9  Japan                  0      1      1         2
12 Netherlands         1      0      0         1
12 Slovakia              1       0      0        1
12 Sweden               1      0      0         1
12 Australia              0      1      0         1
12 Estonia                0      1      0         1
12 Poland                 0      1      0         1
12 Russia                 0      0      1         1
12 Austria                0      0      1         1
12 Croatia                0      0      1         1
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Offline CellarDweller

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Re: Vancouver Winter Olympics - News and Views
« Reply #9 on: February 16, 2010, 11:53:36 am »

A 1-2 finish for China

By John Powers

VANCOUVER, British Columbia - Every time they’d come to Olympus, the Chinese found themselves the outsiders at their neighbors’ victory party. The Russians had owned pairs skating since the days of Comrade Khrushchev, winning the last 12 gold medals.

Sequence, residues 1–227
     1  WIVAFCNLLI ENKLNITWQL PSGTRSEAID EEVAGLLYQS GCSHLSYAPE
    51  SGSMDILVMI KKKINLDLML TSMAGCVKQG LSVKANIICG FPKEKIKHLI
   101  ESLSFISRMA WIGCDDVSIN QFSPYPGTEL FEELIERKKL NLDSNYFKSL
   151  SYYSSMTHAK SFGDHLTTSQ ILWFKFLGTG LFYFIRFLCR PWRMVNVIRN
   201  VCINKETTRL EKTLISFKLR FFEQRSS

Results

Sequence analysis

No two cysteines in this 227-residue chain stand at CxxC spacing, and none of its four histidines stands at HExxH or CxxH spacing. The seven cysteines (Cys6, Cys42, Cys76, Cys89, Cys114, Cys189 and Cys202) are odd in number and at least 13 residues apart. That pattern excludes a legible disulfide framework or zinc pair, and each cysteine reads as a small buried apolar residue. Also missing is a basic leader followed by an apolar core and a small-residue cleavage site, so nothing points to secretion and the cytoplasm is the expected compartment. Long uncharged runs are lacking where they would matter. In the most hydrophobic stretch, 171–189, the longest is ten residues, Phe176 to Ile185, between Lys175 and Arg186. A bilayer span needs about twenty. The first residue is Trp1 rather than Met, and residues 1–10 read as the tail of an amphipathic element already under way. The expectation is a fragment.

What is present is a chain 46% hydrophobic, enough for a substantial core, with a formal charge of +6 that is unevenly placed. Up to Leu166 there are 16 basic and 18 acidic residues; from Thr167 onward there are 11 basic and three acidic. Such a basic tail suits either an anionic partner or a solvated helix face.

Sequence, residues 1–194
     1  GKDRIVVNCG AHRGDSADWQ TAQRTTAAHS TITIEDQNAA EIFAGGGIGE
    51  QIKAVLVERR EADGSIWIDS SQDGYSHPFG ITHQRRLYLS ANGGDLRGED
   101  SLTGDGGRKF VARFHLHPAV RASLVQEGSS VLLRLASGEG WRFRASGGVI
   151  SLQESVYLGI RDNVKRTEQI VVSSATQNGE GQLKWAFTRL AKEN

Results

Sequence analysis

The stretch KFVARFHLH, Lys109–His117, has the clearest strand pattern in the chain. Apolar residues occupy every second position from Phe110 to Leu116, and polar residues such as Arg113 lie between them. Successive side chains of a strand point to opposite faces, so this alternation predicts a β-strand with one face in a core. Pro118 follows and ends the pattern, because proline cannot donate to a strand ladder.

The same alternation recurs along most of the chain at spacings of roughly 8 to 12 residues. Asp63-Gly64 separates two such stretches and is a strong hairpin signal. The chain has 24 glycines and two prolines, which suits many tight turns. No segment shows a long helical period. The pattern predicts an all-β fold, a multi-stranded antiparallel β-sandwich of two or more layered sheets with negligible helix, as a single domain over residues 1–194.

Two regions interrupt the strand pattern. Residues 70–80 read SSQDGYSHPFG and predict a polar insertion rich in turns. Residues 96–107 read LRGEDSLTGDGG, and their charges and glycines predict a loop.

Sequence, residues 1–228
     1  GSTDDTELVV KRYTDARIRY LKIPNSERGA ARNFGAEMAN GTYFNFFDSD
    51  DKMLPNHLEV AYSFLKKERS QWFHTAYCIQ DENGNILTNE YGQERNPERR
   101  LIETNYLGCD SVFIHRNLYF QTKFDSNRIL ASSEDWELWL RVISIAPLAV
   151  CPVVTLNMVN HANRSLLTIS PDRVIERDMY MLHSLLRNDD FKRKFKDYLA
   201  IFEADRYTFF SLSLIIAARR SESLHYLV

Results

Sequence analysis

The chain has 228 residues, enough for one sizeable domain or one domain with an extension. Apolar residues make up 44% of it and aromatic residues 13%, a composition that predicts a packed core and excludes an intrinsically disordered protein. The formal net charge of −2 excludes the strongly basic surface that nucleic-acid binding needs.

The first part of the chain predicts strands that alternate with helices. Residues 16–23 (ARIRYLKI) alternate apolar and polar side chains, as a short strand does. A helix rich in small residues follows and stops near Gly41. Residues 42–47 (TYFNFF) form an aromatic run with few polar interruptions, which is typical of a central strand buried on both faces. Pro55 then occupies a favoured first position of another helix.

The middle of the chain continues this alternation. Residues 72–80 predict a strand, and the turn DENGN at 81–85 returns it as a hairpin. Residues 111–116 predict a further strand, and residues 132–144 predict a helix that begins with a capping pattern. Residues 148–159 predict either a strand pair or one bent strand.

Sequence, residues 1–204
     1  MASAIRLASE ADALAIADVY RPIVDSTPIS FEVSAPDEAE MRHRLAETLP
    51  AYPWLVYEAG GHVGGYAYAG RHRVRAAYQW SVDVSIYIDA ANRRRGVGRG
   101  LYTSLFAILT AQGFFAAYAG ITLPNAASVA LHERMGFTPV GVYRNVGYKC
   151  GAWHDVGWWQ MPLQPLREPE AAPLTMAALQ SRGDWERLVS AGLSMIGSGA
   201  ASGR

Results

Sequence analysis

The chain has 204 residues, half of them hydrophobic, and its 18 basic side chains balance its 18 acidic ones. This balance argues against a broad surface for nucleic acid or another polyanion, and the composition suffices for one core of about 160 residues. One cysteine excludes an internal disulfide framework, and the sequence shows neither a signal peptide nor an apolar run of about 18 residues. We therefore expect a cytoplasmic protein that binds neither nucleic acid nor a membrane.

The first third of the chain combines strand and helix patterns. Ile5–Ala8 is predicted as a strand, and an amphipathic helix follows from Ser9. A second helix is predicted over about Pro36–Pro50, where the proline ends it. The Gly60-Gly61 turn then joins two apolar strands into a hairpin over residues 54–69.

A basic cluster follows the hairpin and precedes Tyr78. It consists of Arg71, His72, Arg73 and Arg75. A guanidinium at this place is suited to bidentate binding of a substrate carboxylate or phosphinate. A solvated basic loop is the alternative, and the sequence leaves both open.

But what was by far the longest reign in the sport’s history at the Games came to a definitive halt last night, when Shen Xue and Zhao Hongbo and Pang Qing and Tong Jian won gold and silver ahead of the German world champions with the Russians left out in the cold. Finally, it was the Year of the Tiger.

“We have had this dream for many, many, many years,’’ Zhao said after he and his spouse held off Pang and Tong, 216.57 to 213.31, to become the oldest Olympic champions in the event since 35-year-old Oleg and 32-year-old Lyudmila Protopopov of the Soviet Union in 1968. “Every time before when we saw our flag and heard our anthem played we were wishing it was the Olympic Games.’’

China had won four world titles and three Olympic medals, including the silver and bronze in Turin, but never the gold. Since the Chinese don’t have competitive skaters in the men’s, women’s, or dance events, last night was their only chance here.

http://www.boston.com/sports/other_sports/olympics/articles/2010/02/16/a_1_2_finish_for_china/